Severe form of GORD can cause irritation and tear of the lining of your esophagus and start bleeding. A tear in the lining of esophagus due to prolonged irritation can also cause bleeding and blood-mixed vomiting.
Esophageal varices and throwing up blood
Esophageal varices are enlarged veins that develop in the walls of the lower section of the esophagus. They can cause bleeding. Usually, they don’t cause any pain.
Esophageal varices generally develop in liver diseases. You might be asked for admission in hospital of the suspected cause of vomiting with blood is esophageal varices.
The most serious cause of esophageal varices is cirrhosis.
Gastritis and vomiting blood
Gastritis is a condition characterized by inflammation of the stomach lining. Acute gastritis involves severe inflammation and usually occurs suddenly. Chronic gastritis involves long-term inflammation that can last for years if left untreated and develops gradually.
A person with gastritis may experience a burning pain in the stomach. Bleeding may occur if the inflammation causes damage to arteries in the region. Generally, gastritis is not a serious condition but it can last for years without treatment, and may ultimately cause development of ulcer or cancers in the stomach.
There are many causes of gastritis such as infection, regular use of non-steroidal anti-inflammatory painkillers, excessive use of alcohol, stress etc.
Peptic ulcers: Stomach ulcers, Duodenal ulcers
Stomach ulcers (gastric ulcers) are open sores that develop on the lining of the stomach. They can also develop in the intestine right beyond the stomach. These are called duodenal ulcers. Stomach ulcers and duodenal ulcers are together referred to as peptic ulcers.
These ulcers may cause bleeding which may also appear in the form of vomiting. Blood from a stomach ulcer or cancer may be bright red or dark brown with a grainy appearance like that of coffee grounds. It may be accompanies with a burning or gnawing sensation in the stomach travelling up to the neck and down to the belly button, or through the back.
Vomiting blood as a sign of esophageal cancer
Vomiting blood is not the main symptoms of esophageal cancer, but it eventually affects patients suffering from this type of cancer. Usually, patients experience problems such as difficulty in swallowing, which is a common sign of the tumor or cancer in esophagus. Vomiting blood only occurs if the cancer grows rapidly. The growth of esophageal cancer is not accompanied by sufficient growth of the blood vessels that supply nutrients to the tumor. Some parts of the tumor may become necrotic and start bleeding. Bleeding of the esophageal cancer is also possible during radiation therapy of the cancer.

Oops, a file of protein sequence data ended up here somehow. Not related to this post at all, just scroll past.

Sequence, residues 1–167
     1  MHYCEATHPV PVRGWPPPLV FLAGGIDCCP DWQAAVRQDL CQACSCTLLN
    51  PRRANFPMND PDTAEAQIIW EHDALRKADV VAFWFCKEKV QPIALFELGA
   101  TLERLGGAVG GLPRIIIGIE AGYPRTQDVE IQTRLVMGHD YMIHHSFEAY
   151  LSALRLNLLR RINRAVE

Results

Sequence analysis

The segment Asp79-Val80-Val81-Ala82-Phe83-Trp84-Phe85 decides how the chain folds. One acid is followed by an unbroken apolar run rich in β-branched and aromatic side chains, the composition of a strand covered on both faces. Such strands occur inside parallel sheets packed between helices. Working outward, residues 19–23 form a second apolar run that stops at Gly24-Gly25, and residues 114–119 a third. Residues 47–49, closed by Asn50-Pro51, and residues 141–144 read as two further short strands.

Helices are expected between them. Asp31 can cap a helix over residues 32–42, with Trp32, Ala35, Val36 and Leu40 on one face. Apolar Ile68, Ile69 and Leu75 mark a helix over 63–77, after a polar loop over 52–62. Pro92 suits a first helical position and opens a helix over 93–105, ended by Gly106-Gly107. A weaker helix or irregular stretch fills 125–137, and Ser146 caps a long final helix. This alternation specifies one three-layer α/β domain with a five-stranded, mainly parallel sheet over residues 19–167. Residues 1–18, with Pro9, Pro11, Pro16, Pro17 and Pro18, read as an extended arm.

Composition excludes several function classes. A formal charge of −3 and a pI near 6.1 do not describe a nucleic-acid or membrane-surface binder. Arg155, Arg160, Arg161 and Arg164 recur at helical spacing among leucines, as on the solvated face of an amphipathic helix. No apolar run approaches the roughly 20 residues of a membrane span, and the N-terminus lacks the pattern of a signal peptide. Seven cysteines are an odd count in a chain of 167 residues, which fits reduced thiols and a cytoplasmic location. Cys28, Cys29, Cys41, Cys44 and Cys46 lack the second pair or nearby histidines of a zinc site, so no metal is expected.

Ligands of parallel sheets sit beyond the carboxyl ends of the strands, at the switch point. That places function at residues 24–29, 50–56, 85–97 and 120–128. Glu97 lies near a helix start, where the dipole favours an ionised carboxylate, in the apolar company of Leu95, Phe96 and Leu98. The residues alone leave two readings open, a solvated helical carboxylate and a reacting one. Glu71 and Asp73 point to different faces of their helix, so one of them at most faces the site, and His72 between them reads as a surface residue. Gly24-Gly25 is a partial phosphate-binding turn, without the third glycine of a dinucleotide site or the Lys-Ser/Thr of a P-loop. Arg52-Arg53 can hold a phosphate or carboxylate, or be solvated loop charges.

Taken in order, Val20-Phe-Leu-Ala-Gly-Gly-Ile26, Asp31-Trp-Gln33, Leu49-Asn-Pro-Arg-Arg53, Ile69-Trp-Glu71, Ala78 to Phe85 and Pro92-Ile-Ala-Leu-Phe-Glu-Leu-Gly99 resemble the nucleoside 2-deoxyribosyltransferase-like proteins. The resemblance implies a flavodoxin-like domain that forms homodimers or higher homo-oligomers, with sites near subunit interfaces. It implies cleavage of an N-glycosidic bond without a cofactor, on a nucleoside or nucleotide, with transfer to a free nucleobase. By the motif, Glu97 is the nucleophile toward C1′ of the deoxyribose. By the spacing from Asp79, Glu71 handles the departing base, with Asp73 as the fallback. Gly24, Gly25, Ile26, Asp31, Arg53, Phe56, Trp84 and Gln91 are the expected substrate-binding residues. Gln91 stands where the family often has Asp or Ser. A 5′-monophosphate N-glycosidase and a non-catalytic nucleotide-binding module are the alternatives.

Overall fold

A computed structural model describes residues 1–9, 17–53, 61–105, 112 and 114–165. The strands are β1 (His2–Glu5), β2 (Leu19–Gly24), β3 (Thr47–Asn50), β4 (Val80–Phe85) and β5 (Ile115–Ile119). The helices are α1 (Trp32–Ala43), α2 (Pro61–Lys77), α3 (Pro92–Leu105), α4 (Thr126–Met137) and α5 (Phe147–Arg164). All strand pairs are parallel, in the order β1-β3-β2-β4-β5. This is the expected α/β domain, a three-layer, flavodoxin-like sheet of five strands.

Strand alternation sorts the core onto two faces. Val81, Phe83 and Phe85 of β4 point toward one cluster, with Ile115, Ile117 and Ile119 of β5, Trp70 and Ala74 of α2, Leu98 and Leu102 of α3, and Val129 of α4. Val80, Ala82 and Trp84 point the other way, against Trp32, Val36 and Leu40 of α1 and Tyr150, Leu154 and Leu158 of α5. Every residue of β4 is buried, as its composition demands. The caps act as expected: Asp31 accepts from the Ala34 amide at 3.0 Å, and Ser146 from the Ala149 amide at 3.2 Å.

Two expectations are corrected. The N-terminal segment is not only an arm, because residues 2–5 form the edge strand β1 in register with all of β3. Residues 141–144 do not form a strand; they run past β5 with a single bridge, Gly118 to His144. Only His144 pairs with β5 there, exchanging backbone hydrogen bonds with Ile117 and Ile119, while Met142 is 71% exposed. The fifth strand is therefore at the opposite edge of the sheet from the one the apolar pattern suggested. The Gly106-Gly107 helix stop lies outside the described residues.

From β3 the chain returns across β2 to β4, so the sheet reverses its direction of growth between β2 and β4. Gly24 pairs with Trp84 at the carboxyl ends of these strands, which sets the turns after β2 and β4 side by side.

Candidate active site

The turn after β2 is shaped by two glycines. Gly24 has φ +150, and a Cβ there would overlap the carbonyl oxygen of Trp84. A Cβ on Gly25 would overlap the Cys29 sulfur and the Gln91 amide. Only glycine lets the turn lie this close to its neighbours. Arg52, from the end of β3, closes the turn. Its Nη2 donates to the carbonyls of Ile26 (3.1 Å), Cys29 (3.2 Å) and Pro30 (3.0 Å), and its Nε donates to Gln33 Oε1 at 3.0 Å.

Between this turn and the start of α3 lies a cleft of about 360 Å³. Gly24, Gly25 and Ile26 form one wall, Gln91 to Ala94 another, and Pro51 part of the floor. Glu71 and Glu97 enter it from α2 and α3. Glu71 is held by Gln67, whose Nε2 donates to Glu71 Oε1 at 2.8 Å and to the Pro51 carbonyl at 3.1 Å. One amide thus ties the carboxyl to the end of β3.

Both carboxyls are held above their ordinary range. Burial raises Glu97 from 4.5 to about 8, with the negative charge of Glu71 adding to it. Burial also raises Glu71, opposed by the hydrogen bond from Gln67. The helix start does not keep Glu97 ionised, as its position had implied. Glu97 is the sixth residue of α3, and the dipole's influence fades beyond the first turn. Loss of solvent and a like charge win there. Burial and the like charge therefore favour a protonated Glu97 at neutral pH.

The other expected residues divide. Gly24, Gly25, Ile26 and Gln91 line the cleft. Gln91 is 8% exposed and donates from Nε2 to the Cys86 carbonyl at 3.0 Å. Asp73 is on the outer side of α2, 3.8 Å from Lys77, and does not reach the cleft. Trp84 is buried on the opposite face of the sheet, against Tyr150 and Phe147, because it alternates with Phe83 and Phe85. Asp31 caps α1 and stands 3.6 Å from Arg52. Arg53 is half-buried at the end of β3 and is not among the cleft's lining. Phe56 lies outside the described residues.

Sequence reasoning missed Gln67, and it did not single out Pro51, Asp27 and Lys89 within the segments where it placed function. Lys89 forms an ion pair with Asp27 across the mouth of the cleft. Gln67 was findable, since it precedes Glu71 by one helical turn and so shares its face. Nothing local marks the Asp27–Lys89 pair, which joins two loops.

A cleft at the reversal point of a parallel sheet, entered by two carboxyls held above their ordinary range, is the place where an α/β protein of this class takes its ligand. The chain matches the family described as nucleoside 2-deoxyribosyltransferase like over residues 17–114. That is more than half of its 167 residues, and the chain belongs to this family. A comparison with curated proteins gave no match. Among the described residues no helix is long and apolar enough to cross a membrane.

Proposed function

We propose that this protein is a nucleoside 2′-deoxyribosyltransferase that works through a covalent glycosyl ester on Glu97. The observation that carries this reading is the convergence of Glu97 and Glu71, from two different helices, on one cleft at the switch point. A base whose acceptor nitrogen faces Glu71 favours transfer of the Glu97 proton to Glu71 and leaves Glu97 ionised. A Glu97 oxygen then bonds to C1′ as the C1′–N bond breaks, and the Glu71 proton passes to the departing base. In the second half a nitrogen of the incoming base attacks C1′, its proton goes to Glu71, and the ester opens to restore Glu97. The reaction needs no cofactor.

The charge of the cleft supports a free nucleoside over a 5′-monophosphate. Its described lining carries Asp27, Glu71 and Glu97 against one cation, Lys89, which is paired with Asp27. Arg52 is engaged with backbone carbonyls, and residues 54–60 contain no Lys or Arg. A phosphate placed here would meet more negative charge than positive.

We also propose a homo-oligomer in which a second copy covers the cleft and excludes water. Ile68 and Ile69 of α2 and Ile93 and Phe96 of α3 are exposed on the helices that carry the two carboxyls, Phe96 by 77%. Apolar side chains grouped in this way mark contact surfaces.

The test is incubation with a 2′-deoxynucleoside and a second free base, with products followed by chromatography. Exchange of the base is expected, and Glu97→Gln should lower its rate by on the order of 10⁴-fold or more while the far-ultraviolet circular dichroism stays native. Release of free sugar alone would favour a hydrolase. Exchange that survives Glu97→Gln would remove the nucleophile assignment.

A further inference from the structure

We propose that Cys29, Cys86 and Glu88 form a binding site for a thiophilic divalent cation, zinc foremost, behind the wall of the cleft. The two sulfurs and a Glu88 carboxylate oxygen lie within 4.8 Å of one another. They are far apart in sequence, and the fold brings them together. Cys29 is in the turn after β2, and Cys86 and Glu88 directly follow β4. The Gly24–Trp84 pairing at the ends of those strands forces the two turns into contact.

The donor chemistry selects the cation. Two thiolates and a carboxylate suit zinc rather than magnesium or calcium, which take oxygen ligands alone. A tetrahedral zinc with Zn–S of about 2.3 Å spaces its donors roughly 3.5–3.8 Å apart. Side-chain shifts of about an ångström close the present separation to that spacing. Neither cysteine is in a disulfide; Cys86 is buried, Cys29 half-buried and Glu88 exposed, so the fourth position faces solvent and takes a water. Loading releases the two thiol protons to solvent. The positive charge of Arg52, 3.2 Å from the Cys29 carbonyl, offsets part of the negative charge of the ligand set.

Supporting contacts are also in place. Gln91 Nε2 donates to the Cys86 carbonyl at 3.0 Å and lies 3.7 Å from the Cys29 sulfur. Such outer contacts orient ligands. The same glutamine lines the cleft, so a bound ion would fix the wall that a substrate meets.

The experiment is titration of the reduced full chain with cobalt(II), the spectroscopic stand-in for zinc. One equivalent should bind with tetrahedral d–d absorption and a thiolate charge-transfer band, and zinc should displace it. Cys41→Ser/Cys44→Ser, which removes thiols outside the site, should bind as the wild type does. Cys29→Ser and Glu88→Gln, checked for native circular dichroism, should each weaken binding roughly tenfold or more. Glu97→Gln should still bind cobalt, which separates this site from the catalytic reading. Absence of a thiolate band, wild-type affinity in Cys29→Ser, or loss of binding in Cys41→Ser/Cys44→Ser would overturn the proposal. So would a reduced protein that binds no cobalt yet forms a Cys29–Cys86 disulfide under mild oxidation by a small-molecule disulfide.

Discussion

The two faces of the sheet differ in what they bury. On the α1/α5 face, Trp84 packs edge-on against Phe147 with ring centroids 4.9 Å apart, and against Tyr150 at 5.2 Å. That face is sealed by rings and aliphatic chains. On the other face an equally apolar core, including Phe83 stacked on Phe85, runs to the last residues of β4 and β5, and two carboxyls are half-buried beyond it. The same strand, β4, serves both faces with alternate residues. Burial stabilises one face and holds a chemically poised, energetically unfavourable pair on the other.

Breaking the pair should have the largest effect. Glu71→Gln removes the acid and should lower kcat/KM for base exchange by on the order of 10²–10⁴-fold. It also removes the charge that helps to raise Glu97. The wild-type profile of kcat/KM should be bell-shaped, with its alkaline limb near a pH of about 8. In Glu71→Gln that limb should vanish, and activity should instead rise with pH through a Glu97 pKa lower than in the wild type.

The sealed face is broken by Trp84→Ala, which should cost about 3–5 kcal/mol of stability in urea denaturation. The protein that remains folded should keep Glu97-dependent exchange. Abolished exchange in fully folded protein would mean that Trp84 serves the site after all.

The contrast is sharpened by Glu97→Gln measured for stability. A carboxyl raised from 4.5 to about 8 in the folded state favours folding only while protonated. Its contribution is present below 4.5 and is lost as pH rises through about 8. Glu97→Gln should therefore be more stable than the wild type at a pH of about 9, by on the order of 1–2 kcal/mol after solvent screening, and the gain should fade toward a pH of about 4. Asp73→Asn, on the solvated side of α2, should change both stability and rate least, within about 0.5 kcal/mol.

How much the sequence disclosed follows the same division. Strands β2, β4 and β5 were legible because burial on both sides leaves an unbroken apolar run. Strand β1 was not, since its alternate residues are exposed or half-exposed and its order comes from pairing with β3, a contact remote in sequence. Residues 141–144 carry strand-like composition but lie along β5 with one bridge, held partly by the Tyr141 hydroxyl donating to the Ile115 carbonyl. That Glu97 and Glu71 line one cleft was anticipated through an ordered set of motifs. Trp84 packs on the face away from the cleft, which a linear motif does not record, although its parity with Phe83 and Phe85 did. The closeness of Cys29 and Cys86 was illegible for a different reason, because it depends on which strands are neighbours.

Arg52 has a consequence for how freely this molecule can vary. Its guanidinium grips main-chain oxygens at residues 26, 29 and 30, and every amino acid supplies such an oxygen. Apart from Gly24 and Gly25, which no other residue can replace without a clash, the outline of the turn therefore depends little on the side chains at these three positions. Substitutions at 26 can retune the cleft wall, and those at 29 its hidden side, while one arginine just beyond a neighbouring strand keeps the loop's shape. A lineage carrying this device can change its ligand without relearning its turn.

Bleeding from the esophagus in patients with esophageal cancer is not a good sign and may indicate to progression of the disease. People who have developed an esophagotracheal fistula may have more esophageal bleeding.
Pancreatic cancer and puking blood
Sometimes, you may throw up blood due to pancreatic cancer. Pancreatic cancer begins in the tissues of your pancreas, an organ in the abdomen that lies horizontally behind the lower part of the stomach. Pancreas releases enzymes that help in digestion and hormones that help control blood sugar levels.
Nausea and vomiting occurs particularly during later stages of the pancreatic cancer, when the tumor has grown significantly large enough to block at least a part of the digestive tract (mainly the duodenum).
Blood vomiting in liver cirrhosis
Varices are enlarged and swollen blood vessels in the lining of the stomach. One of the reasons why varices develop is liver cirrhosis or alcoholic liver diseases. In cirrhosis, scarred liver tissue blocks blood flow through the liver. This increases the pressure. The increased pressure pushes back into the gut and causes the veins to inflame in the stomach.
Cirrhosis is a serious condition of liver, where normal tissue is replaced by scarred tissue. The condition progress slowly and often does not cause symptoms in the beginning. With liver gradually becoming worse, serious problems start developing. Blood in vomiting can be an indication of the advanced liver disease. Read about liver cirrhosis.
Bleeding which has not come from the gut
Sometimes, vomited blood comes from somewhere else and not from the gut. If you have had a nosebleed and then swallowed the blood, you may vomit it. Sometimes, it may be blood with coughing, which is generally not a major problem. Often, it is difficult to tell whether the blood has been vomited from the gut, or coughed up.